The compact, electric George Foreman grill is a great tool to have when a stove isn’t available or just when you don’t want to deal with the mess and bother of an oven top skillet. Though the grill is designed for cooking fare you’d more normally find at an outdoor barbecue, with a little modification and the proper technique, you can use it to cook several kinds of egg dishes.


Things You'll Need


Elevate the front of the grill. The George Foreman grill is built with a downward slope from the back of the grill to the front in order to allow grease to run off, but when cooking eggs, this can cause the uncooked egg to run off as well. Place coasters or the edge of a cutting board beneath the front two legs of the grill to lift the front legs so that the front of the grill is even or slightly higher than the back.

Prepare your eggs. For scrambled eggs or omelets, crack eggs into a bowl and mix with a fork and a dash of salt and pepper. Add a splash of water for scrambled eggs. For eggs over-easy, set the eggs by the grill in readiness to crack them directly onto the heat.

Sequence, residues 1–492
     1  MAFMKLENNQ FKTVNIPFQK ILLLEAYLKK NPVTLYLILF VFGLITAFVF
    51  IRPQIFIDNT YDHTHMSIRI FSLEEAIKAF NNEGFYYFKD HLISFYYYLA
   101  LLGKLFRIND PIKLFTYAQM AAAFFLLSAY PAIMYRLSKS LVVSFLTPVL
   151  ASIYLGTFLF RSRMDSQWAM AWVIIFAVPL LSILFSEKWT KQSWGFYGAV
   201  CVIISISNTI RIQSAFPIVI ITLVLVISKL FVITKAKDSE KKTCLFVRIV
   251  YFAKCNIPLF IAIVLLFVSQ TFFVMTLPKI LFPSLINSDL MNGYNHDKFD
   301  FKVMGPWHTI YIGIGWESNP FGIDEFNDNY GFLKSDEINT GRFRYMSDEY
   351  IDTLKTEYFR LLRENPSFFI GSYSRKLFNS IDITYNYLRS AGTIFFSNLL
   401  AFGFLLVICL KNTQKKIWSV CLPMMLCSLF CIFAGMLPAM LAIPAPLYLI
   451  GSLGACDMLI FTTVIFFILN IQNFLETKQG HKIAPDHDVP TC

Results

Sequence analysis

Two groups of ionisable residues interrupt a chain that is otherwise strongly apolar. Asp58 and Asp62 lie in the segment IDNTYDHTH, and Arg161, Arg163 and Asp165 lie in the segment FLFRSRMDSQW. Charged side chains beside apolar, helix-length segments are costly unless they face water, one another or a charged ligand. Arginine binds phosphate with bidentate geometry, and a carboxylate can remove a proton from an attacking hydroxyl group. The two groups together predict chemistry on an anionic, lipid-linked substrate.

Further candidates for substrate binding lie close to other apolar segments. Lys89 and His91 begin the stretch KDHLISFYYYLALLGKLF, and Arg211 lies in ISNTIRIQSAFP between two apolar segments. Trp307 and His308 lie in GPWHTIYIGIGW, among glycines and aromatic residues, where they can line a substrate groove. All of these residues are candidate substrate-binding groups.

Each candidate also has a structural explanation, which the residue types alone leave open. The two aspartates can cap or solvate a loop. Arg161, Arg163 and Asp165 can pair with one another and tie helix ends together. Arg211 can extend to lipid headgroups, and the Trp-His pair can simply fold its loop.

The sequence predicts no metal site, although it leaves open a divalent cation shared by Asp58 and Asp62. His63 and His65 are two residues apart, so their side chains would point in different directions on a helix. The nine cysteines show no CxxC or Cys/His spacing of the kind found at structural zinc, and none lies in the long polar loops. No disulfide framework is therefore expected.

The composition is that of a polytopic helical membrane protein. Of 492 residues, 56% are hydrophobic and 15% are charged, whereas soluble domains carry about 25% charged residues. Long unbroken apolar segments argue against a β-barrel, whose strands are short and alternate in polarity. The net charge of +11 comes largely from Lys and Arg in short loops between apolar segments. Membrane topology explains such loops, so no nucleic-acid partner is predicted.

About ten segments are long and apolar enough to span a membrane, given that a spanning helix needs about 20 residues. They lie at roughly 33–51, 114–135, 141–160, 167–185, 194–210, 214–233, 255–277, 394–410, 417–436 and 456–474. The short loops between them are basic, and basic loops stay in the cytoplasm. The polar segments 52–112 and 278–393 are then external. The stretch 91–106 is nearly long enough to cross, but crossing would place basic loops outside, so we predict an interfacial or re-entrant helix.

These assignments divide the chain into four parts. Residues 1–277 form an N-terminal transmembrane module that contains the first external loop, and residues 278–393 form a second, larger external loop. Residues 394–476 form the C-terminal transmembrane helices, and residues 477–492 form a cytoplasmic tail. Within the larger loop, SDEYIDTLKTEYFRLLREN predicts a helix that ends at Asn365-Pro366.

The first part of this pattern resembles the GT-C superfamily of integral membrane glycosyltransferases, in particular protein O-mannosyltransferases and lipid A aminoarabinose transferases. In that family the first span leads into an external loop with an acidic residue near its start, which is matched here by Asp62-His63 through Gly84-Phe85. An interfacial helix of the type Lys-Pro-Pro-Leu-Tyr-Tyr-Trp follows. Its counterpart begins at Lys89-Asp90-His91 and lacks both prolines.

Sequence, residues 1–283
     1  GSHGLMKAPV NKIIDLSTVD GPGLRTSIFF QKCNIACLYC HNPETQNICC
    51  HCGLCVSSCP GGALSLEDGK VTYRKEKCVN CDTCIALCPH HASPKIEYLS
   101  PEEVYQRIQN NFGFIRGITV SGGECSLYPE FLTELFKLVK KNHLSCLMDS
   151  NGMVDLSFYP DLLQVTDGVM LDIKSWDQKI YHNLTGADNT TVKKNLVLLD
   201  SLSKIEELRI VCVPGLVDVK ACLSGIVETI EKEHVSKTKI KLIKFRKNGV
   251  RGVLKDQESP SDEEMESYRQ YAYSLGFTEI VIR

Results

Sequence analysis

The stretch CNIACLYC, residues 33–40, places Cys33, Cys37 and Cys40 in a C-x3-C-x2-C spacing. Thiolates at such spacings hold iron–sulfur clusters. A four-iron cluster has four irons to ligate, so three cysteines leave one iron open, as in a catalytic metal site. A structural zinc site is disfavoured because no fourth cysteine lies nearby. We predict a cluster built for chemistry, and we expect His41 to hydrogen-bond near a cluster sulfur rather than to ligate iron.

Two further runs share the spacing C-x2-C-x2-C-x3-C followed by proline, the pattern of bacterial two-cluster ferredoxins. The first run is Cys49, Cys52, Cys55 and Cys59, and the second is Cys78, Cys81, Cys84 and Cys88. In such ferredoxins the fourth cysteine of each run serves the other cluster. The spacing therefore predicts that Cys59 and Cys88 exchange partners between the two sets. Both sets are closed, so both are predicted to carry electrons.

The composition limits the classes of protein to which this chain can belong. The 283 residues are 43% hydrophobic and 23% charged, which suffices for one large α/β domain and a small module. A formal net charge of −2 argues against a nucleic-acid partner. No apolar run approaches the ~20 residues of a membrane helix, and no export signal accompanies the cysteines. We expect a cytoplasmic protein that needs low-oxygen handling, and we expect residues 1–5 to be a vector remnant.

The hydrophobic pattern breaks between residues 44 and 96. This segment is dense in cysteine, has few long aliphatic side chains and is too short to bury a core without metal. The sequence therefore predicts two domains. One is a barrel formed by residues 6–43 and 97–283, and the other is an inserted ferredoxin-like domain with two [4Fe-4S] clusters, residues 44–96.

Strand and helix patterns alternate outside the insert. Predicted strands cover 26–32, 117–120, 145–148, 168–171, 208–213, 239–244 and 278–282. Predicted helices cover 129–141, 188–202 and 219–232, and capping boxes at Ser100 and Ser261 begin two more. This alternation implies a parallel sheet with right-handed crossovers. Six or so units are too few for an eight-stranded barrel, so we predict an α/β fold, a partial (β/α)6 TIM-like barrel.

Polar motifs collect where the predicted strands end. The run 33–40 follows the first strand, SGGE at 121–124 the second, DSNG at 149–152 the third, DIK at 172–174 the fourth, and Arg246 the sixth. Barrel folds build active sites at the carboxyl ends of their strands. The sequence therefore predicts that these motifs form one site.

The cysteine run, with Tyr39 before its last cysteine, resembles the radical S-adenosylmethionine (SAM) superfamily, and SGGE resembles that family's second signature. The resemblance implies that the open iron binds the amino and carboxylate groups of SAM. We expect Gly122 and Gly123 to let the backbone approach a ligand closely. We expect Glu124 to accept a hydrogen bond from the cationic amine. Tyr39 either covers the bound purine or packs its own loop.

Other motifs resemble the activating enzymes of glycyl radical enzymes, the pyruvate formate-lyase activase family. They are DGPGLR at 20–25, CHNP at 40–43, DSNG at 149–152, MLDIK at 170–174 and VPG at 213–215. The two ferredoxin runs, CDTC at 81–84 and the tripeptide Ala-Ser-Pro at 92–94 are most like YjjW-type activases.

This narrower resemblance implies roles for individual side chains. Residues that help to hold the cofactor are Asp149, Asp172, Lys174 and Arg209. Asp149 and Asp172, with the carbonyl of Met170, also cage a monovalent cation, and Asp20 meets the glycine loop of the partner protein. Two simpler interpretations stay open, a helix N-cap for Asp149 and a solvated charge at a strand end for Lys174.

Grease the grill. Plug in the grill and rub it with butter or margarine once it starts to heat. Use a generous amount of grease, especially if you’re cooking eggs over easy, as the “ribs” of the grill will make it more difficult to cleanly remove the eggs than it would with a flat skillet.

Let the grill heat to readiness. Test it by dropping a small amount of water on the hot area. When the water spatters the instant it touches, the grill is ready.

Deposit the eggs on the grill for cooking. Slowly pour the beaten egg mixture or crack the two eggs over the grill.

Add cheese if you’re making an omelet. As the poured egg mixture cooks, sprinkle enough grated cheese to cover the top side of the egg.

Flip or stir the eggs. Stir scrambled eggs with a wooden or plastic spoon or spatula–do not use metal–as you would with skillet cooking. When flipping eggs over easy or folding an omelet, use the most flexible plastic spatula you can. Work the spatula carefully beneath the egg. Approach from the front in order to slide over the grill’s ribs. If you have trouble, use two spatulas at once to get under both sides of the egg.